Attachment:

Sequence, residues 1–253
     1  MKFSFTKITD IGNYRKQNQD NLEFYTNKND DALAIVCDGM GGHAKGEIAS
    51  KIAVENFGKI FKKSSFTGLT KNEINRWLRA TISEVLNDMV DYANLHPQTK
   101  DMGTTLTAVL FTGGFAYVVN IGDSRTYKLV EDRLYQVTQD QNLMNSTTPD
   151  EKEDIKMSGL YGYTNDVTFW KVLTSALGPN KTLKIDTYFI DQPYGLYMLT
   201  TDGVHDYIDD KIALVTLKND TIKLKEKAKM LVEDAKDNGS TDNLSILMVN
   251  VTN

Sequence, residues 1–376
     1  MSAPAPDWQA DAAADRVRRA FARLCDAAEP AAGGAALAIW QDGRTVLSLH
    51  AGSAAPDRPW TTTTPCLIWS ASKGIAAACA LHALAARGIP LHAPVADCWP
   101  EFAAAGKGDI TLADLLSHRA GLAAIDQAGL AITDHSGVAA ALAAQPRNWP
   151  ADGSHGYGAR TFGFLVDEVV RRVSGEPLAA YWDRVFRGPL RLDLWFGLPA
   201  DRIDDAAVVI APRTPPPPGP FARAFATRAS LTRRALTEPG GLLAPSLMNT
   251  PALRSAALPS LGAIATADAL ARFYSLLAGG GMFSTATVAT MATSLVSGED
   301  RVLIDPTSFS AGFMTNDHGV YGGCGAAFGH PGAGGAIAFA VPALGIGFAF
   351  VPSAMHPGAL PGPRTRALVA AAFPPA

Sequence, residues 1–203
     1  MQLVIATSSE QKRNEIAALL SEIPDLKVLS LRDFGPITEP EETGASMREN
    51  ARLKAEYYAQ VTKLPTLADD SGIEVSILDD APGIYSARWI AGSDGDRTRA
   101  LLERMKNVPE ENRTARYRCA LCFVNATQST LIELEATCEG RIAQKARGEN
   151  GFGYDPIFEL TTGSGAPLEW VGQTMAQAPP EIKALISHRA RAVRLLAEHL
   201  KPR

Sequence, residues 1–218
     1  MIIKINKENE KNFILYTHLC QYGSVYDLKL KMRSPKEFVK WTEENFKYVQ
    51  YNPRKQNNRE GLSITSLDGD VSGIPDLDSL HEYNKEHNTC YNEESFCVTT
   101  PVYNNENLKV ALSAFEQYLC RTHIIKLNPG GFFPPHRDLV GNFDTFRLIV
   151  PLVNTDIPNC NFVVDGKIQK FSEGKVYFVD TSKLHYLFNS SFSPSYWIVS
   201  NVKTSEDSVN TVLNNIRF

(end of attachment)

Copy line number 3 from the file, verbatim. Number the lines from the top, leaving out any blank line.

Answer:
    51  KIAVENFGKI FKKSSFTGLT KNEINRWLRA TISEVLNDMV DYANLHPQTK